By Bill McAllister
To the dismay of many collectors, the United States Postal Service appears to have killed one of its most profitable new products: uncut press sheets of imperforate stamps.
Although the Postal Service’s chief stamp executive promised to announce a decision on the future of the sheets by end of 2016, there has been no word from USPS headquarters about the future of the sheets.
Sales of the imperforate press sheets had created a boomlet of excitement in the hobby during the almost four years that they were produced.
Produced with virtually no added costs, press sheets of imperforate self-adhesive stamps were hot sellers from the moment the first sheets went on sale in July 2012 with the issuance of the Major League Baseball All-Stars stamps.
But five years later, the sheets have become mired in controversy.
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The last issue to be offered in imperforate uncut press sheets was the Chinese New Year stamp issued Feb. 5, 2016 (Scott 5057).
The absence of any new issues has convinced collectors that the USPS has abandoned issuing more imperforate sheets.
“I think it is pretty obvious that they have stopped production of no die-cut press sheets,” said Cincinnati collector Jill R. Ambrose, co-author of A Guidebook and Checklist — U.S. Postal Service No-Die-Cut Stamps 2012 to 2015.
“I have no idea why USPS stopped production,” Ambrose said in an email to Linn’s.
She was among the collectors who have urged the USPS to continue issuing the sheets, citing the large amount of cash their sales can bring a postal service in need of increased revenues.
Sales of uncut press sheets with die cuts around the stamps have continued, but it was the imperforate uncut sheets that triggered much of the excitement among collectors.
Stamps from the imperforate sheets were seen as a new part of the hobby and were assigned separate numbers by the Scott catalog editors.
The Postal Service said in February it would issue die-cut uncut press sheets in a “standard print quantity” of 1,000.
Postal officials have said little more than the program was being reevaluated, Ambrose said.
Whatever prompted the Postal Service’s apparent decision to cease production of the imperforate press sheets remains unknown.
When Linn’s inquired May 23 about the promise of a decision on the uncut sheets by Stamp Services officials by the end of 2016, postal officials promised an answer.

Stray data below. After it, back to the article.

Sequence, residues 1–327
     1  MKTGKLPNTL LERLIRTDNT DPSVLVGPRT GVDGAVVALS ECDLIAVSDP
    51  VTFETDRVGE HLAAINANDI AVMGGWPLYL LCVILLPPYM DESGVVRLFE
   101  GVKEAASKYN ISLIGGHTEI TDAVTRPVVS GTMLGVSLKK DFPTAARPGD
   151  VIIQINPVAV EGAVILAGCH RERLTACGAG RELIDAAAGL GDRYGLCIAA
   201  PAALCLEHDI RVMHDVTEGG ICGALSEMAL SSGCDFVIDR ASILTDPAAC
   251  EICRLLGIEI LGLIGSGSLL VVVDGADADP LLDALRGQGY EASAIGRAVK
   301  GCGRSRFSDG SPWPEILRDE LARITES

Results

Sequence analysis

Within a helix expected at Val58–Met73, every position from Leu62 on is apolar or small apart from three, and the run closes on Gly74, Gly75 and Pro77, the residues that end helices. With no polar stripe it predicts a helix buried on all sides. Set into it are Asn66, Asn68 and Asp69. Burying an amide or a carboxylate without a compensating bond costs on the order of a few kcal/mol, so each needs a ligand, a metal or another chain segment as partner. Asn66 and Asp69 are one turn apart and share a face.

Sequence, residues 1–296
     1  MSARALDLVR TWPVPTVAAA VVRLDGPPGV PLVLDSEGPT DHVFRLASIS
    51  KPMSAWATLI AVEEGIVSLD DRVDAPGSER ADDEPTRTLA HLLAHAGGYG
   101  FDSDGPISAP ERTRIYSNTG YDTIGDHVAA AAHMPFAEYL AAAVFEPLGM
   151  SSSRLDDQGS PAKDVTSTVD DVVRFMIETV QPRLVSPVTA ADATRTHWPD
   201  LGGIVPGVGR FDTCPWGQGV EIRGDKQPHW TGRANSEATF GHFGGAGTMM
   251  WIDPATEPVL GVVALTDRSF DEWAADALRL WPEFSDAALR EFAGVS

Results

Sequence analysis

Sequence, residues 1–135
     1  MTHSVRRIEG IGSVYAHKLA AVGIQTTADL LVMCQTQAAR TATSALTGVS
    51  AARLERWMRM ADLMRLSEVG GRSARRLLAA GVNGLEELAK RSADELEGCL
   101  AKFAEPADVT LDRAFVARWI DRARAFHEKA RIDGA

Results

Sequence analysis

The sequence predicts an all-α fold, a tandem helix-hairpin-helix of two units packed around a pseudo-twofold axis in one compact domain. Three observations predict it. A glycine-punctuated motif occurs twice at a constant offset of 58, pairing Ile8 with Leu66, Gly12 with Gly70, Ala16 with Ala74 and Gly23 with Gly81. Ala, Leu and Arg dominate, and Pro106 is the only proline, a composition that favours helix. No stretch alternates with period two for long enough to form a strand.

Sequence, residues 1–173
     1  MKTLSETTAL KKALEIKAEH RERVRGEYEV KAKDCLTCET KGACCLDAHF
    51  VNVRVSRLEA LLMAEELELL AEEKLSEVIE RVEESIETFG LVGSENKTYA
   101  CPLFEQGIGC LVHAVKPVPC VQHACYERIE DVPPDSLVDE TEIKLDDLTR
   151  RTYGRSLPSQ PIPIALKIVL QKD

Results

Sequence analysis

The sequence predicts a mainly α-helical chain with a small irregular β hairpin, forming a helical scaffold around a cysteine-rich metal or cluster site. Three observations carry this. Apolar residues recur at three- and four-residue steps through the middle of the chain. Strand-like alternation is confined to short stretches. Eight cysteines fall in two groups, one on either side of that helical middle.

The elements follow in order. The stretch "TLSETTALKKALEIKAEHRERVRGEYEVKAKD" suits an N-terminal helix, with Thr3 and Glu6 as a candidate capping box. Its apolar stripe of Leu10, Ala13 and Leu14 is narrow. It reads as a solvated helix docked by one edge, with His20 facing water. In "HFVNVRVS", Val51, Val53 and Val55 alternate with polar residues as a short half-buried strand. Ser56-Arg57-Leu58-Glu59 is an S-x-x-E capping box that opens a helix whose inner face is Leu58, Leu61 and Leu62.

But the answer, provided May 30, was the recycling of a brief statement first given to Linn’s in mid-February that does not mention the imperforate sheets.
“The Postal Service is committed to providing products for the philatelic community and collectors; therefore, we will continue to produce die cut press sheets,” the statement said.
“Whether to issue a press sheet for a particular stamp is within the Postal Service’s discretion,” it continued.
“It has never been the Postal Service’s intention to produce press sheets for every stamp issuance.”
Foster Miller, a Maryland collector, told Linn’s he had sought an answer from Mary-Anne Penner, executive director of Stamp Services.
“Last time I asked Mary-Anne Penner, she said that she had nothing to announce,” Miller said.
“I, too, assume that they are not planning to do future press sheets without die cuts,” he added, noting that “they do continue to issue press sheets with die cuts for most issues.”
Ambrose told postal officials in an email last year that she believed the issue of imperforate press sheets represented a great money-making opportunity for the cash-hungry Postal Service.
“First of all, it seems like a wonderful money making project for the Postal Service,” she told Mark Saunders, a postal spokesman, in an email a year ago.
Sales of high denominated stamp sheets can run into hundreds of dollars for one sheet, she noted.
But by producing small numbers of some of the imperforate sheets, the USPS was hurting its own profits, she pointed out.
Saunders said postal officials were determined to make the sales fair to all, which might explain the decision to issue a uniform 1,000 die-cut uncut press sheets for a given issue.
It was the limited number of imperforate sheets of some of the early issues that sent dealer prices skyrocketing to eight times face value or more. In early 2016, the USPS came under fire for keeping imperforate press sheet quantities a secret until just before a stamp was officially issued.
Jim Siekermann, a coauthor of A Guidebook and Checklist with Ambrose, told Linn’s last year that clerks at the Stamp Fulfillment Services center in Kansas City, Mo., would sometimes give collectors misleading and conflicting information about the availability of some of the imperforate issues.